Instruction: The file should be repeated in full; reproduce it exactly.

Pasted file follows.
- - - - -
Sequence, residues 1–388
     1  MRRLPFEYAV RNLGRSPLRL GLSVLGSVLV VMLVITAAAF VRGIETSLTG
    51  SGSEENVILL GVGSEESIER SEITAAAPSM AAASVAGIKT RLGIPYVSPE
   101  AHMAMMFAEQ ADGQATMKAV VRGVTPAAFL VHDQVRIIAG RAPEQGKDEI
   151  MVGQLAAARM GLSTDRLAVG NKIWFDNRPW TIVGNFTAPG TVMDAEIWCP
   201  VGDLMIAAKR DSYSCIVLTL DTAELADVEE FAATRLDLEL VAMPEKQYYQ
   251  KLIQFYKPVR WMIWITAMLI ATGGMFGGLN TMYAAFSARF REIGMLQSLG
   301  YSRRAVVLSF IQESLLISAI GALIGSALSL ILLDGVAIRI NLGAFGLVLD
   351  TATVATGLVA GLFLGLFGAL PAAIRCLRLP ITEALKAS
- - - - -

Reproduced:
Sequence, residues 1–388
     1  MRRLPFEYAV RNLGRSPLRL GLSVLGSVLV VMLVITAAAF VRGIETSLTG
    51  SGSEENVILL GVGSEESIER SEITAAAPSM AAASVAGIKT RLGIPYVSPE
   101  AHMAMMFAEQ ADGQATMKAV VRGVTPAAFL VHDQVRIIAG RAPEQGKDEI
   151  MVGQLAAARM GLSTDRLAVG NKIWFDNRPW TIVGNFTAPG TVMDAEIWCP
   201  VGDLMIAAKR DSYSCIVLTL DTAELADVEE FAATRLDLEL VAMPEKQYYQ
   251  KLIQFYKPVR WMIWITAMLI ATGGMFGGLN TMYAAFSARF REIGMLQSLG
   301  YSRRAVVLSF IQESLLISAI GALIGSALSL ILLDGVAIRI NLGAFGLVLD
   351  TATVATGLVA GLFLGLFGAL PAAIRCLRLP ITEALKAS